doesn't work in C#. Instead, we've got the old IEnumerable.

It's easy to implement the IEnumerator version - simply return the
IEnumerator<T> version.
Neither do I
understand which one is picked by /foreach/.
If the type of the expression to the right of the 'in' statically(*)
supports IEnumerable<T>, and the iteration variable of the foreach is
assignment compatible with this type T, then the foreach will use the
statically typed version. If the type statically supports IEnumerable<T>
and the iteration variable is *not* assignment compatible, then an error
will occur. Otherwise, the type must statically support IEnumerable, and
a runtime cast will be generated for each iteration.

(*) Statically in this case refers to the *compile-time* type of the
expression to the right of the 'in' in the 'foreach' statement.
If I don't implement both GetEnumerator()s,
I get errors of omission.

IEnumerator is something like a /Generator/, right?
It's an implementation of CLU's iterator feature, but generator is
another name for it.
using System;
using System.Collections.Generic;
using System.Text;

namespace Riba
{
public class NumberEnumerable : IEnumerable<int>
{
private int counter = 0;
public IEnumerator<int> Core()
{

for (; ; )
{
yield return counter++;
}
} Note that your counter variable can be local, it doesn't need to be a
field.
System.Collections.IEnumerator
System.Collections.IEnumerable.GetEnumerator()
{
return Core();
You don't need to factor the Core() method at all. You can simply return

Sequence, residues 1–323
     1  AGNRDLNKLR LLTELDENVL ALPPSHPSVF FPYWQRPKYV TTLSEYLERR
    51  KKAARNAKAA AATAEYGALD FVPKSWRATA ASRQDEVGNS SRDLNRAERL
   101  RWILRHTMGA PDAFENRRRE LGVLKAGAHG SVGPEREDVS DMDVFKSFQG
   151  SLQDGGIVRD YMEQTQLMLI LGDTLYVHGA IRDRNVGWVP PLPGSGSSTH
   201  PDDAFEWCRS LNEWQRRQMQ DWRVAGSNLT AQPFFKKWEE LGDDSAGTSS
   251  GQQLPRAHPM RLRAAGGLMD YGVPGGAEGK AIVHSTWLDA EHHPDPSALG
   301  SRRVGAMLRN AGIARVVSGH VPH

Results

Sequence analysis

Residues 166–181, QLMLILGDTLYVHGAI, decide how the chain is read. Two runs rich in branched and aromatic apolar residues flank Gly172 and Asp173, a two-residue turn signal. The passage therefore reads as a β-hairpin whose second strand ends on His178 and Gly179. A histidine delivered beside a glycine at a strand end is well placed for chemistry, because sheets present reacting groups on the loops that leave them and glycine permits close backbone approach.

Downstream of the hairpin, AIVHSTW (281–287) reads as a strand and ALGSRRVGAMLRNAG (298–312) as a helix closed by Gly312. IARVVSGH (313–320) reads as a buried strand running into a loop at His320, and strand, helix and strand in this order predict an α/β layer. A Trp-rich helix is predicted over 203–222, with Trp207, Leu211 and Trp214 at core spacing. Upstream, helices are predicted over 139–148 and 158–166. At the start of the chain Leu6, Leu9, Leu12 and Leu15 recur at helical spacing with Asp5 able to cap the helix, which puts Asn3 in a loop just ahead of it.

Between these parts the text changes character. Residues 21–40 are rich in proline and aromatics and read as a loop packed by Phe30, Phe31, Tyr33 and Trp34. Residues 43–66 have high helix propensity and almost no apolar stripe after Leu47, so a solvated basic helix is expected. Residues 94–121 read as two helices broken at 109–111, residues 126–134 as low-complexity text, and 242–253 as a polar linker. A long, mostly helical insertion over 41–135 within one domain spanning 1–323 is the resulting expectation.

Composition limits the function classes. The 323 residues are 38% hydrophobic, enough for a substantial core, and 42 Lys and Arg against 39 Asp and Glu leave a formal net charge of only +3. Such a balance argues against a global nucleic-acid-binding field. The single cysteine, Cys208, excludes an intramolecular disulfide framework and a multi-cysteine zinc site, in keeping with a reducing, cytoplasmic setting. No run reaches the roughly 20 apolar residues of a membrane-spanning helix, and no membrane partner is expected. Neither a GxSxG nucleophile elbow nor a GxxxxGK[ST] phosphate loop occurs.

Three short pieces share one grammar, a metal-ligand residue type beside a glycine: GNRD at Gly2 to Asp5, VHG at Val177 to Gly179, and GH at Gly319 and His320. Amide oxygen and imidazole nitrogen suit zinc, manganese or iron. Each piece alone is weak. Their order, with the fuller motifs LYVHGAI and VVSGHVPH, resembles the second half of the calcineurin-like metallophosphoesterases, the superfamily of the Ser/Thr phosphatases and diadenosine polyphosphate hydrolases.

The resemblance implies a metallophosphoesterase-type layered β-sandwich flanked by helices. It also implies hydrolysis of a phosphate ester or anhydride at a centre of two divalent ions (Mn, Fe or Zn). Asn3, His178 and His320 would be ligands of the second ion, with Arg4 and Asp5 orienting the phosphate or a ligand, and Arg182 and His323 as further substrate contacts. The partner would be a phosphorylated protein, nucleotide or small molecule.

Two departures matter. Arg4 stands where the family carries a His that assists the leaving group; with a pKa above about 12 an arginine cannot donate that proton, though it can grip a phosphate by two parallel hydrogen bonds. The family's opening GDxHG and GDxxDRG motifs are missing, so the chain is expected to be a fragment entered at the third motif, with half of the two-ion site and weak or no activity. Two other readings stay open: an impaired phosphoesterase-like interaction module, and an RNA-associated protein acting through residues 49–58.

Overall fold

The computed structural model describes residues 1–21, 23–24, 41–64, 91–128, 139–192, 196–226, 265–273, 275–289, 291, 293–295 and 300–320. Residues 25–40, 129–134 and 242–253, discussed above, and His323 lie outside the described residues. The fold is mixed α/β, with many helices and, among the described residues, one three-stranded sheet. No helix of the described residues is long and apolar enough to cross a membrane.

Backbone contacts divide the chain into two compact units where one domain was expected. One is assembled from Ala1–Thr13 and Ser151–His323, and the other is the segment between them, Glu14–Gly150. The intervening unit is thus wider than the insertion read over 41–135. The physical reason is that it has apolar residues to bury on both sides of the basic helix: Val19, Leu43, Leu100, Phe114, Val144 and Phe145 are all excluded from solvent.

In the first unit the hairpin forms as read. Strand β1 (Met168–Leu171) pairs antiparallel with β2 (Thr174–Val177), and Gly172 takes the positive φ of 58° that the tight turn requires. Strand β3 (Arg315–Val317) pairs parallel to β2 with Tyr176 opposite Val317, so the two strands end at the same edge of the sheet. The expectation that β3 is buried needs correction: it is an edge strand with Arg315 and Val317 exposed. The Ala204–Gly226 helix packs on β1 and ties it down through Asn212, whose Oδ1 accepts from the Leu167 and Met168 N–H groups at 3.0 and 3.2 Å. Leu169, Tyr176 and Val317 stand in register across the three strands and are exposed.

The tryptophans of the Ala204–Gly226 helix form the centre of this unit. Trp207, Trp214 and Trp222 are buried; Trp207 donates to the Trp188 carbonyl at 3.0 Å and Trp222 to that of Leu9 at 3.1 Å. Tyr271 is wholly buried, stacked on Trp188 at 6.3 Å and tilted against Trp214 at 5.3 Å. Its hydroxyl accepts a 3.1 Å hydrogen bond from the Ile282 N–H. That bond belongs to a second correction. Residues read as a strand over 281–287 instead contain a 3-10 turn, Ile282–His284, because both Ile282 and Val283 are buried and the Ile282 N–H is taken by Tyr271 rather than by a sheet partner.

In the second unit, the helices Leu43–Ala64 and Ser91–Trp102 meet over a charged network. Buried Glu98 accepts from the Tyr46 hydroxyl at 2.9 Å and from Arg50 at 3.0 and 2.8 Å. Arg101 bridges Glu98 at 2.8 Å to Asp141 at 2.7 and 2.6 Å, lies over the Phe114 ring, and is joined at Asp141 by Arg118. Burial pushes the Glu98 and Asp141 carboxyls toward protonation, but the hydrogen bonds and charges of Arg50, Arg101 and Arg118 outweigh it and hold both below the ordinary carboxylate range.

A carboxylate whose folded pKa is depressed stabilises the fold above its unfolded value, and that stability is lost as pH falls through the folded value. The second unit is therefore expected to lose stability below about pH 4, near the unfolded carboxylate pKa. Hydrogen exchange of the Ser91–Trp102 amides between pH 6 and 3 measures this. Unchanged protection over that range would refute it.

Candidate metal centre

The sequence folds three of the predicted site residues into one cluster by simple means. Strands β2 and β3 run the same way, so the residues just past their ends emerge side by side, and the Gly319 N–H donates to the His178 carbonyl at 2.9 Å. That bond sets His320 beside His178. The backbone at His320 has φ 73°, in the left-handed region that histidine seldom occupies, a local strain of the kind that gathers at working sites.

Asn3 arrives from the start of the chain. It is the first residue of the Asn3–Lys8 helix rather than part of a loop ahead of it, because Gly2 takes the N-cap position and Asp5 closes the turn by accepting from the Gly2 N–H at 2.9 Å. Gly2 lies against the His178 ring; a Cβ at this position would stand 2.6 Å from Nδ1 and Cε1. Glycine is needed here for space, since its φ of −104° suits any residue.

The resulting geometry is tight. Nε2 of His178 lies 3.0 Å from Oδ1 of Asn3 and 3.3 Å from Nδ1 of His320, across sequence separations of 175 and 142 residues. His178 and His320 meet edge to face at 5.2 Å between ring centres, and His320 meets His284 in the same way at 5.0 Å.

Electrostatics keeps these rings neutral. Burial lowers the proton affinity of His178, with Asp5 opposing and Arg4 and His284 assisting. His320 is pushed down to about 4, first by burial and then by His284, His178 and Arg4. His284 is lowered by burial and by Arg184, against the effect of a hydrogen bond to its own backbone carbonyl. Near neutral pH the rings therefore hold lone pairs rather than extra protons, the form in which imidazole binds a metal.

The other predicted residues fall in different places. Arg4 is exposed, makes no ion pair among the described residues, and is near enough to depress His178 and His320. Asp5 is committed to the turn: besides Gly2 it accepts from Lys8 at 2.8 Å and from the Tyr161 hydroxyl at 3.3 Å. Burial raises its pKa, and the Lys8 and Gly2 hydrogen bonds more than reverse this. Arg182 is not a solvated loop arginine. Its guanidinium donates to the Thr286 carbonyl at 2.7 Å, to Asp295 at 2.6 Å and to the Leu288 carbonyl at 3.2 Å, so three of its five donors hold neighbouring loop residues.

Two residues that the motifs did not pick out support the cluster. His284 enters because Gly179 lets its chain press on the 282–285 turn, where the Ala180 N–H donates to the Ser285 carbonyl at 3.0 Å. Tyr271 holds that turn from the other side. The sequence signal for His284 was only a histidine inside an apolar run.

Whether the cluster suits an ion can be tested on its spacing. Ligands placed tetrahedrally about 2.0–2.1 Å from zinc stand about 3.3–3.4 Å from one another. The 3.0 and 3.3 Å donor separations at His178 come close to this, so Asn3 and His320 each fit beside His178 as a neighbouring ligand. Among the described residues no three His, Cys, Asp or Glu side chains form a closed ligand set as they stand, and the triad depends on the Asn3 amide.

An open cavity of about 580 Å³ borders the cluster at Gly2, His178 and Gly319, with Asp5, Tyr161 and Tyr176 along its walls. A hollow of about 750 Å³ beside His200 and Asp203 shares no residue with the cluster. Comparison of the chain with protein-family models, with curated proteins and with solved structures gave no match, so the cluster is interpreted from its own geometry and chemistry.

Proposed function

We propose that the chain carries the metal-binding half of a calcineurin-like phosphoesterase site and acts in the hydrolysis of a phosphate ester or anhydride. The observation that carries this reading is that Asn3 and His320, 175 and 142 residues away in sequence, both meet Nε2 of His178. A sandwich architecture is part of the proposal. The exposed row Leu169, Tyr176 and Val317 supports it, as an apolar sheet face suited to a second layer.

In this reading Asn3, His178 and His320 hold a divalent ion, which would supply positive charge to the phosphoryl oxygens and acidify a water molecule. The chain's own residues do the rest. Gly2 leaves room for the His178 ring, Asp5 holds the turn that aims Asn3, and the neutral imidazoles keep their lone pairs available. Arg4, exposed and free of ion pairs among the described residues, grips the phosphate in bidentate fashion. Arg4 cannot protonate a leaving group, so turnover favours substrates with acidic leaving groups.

GetEnumerator() here and it will return the version returning
IEnumerator<int>, since that one isn't an explicit interface
implementation.
}

public IEnumerator<int> GetEnumerator()
{
return Core();

}
}

class Program
{
static void Main(string[] args)
{
foreach (int i in new NumberEnumerable())
{
System.Console.WriteLine("{0}", i);
}
}
}
}


Since you're only using the class NumberEnumerable() to implement an
enumerator, you don't need to define a separate class at all. Iterators
can also return IEnumerable<T>:

---8<---
using System;
using System.Collections.Generic;

class Program
{
static IEnumerable<int> NumberEnumerable()
{
int i = 0;
for (;;)
yield return i++;
}

static void Main(string[] args)
{
foreach (int i in NumberEnumerable())
{
System.Console.WriteLine("{0}", i);
}
}
}
--->8---

-- Barry

--
http://barrkel.blogspot.com/
Jun 29 '06 #3

P: n/a
Thanks for the elaborate reply, but maybe IEnumerable
is the wrong thing here anyway. You reply:
IEnumerator is something like a /Generator/, right?

It's an implementation of CLU's iterator feature, but generator is
another name for it.


A big advantage of generators is that you can recycle
them and use them in the fashion of command-line pipes,
like this:

RandomNumberGenerator | FilterPrimeNumbersGenerator | MultiplyBy4...

I assumed I can do the same with IEnumerable, but it
seems that it is a lot more tricky than I thought.

The key is that I (wrongly) guessed that /yield/ is just a mechanism
for marking the spot where a function returns this time
and will continue next time. /foreach/ simply calls the
function embodying the /yield/. This can't be true, I guess.
Here is an illustration:

int foo()
{
int counter = 0;
yield counter++;
}

Multiple clients can call foo, and the
spot where to continue has to be remembered for each
new caller. This means that the first call to /foo/
somehow instantiates a new environment for that
particular foo(), complete with its own version
of /counter/ (right?)
In other words, each use of /foreach/ causes
foo() to keep its state information for each
client (right?)

What's more, /foreach/ does not seem to merely /call/
foo(), it does something else, because NOT using